Most deaths from breast cancer result from tumor recurrence, but mechanisms underlying tumor relapse are largely unknown. We now report that Par-4 is downregulated during tumor recurrence and that Par-4 downregulation is necessary and sufficient to promote recurrence. Tumor cells with low Par-4 expression survive therapy by evading a program of Par-4-dependent multinucleation and apoptosis that is otherwise engaged following treatment. Low Par-4 expression is associated with poor response to neoadjuvant chemotherapy and an increased risk of relapse in patients with breast cancer, and Par-4 is downregulated in residual tumor cells that survive neoadjuvant chemotherapy. Our findings identify Par-4-induced multinucleation as a mechanism of cell death in oncogene-addicted cells and establish Par-4 as a negative regulator of breast cancer recurrence.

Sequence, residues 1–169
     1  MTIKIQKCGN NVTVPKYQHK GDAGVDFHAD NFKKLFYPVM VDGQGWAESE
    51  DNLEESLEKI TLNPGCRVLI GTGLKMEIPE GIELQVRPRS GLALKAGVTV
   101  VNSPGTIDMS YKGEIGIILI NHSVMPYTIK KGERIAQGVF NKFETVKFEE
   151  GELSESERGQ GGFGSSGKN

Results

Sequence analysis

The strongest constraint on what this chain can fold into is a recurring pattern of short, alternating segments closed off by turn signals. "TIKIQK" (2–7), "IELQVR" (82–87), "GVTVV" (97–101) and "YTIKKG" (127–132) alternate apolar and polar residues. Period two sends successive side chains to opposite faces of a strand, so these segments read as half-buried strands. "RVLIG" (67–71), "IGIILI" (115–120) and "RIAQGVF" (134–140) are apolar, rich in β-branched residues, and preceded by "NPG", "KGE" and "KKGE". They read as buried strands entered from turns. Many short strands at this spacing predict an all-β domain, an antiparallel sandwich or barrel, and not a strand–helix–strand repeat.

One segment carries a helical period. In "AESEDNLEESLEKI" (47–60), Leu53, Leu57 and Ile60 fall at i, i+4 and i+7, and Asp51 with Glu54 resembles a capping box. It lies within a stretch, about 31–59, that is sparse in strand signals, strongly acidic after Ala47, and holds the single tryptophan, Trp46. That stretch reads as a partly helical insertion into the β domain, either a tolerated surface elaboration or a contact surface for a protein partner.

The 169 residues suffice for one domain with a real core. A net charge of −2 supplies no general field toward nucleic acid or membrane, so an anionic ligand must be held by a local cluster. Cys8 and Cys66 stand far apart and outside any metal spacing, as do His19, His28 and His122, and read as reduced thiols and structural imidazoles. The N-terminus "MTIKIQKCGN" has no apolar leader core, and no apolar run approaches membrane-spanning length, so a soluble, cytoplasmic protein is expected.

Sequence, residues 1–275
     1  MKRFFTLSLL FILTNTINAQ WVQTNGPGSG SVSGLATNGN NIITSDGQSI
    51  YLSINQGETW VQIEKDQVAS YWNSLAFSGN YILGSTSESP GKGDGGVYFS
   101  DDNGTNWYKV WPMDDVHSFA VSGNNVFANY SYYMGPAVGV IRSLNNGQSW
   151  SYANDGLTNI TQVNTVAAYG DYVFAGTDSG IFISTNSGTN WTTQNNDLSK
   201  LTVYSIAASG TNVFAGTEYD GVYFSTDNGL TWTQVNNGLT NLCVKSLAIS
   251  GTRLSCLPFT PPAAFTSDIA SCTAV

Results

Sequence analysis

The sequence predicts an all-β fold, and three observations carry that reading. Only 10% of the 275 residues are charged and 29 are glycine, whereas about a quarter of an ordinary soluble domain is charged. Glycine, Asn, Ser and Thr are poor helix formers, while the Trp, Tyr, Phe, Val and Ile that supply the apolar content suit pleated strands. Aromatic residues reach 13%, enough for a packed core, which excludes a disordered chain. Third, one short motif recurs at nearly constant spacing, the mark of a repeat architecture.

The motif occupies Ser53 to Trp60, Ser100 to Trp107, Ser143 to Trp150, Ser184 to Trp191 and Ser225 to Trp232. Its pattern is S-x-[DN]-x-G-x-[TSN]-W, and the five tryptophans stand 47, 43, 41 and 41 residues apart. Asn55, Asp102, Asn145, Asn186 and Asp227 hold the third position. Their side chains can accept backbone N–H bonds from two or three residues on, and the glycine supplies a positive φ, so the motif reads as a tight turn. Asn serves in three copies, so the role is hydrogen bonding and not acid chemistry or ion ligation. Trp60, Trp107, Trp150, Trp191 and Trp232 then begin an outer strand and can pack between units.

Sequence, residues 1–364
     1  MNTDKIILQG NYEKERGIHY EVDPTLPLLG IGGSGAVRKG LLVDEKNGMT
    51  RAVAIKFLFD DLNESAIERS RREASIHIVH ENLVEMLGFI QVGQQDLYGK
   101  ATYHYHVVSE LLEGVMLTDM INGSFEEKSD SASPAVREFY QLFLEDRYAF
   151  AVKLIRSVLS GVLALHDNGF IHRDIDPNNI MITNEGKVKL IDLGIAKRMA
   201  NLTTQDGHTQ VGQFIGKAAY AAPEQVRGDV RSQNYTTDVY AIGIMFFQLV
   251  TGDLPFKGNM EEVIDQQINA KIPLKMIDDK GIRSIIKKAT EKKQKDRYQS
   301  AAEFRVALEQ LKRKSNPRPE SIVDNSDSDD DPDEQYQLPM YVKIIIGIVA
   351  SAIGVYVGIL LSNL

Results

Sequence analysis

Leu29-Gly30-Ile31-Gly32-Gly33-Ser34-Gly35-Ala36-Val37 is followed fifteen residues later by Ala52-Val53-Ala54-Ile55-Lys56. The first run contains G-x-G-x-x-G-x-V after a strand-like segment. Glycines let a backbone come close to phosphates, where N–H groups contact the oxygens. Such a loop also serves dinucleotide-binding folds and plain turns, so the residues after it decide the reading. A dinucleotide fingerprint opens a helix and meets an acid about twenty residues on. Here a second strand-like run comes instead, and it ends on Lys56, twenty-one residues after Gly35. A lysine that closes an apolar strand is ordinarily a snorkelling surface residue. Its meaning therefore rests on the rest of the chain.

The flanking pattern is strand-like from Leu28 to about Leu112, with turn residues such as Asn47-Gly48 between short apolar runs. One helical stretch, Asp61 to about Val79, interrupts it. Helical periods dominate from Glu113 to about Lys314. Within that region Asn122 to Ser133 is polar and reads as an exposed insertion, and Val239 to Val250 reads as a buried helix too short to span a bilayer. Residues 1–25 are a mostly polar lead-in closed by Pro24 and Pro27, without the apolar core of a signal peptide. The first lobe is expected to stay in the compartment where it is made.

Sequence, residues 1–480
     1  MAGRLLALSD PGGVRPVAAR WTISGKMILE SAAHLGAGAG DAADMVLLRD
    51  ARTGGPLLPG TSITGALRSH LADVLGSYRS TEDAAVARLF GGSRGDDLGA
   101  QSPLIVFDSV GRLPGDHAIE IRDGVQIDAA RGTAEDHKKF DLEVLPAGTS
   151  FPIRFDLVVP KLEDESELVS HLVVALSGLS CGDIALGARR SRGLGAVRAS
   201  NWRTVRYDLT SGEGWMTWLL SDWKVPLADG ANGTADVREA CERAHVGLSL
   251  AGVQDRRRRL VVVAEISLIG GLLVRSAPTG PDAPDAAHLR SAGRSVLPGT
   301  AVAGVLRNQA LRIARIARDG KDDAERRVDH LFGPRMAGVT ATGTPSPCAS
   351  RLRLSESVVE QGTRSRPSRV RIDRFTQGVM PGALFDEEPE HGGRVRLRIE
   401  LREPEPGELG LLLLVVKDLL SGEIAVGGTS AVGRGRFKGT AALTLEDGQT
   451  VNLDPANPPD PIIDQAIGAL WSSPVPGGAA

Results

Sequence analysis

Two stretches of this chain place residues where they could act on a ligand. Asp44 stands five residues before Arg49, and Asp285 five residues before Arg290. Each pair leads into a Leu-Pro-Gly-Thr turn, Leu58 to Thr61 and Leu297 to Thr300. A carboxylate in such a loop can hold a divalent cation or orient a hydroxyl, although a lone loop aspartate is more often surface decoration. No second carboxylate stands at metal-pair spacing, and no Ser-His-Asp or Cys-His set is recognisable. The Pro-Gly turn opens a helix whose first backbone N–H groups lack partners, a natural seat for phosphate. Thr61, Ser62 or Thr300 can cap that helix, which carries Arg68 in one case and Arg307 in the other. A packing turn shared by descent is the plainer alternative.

Recurrent breast cancer is typically an incurable disease. Consequently, the propensity of breast cancers to recur following surgery, radiation, and adjuvant therapy is the most important determinant of clinical outcome. Residual neoplastic cells that persist following treatment constitute the reservoir from which recurrent tumors arise and are a major obstacle to the successful treatment of human cancers. Accordingly, understanding the mechanisms by which residual tumor cells survive treatment is a critical research priority. Our findings establish downregulation of the tumor suppressor Par-4 in mice and in women as a mechanism of tumor cell survival and recurrence following targeted therapy and chemotherapy. As such, therapies that target pathways repressed by Par-4—or that restore Par-4 expression—may hold significant clinical promise.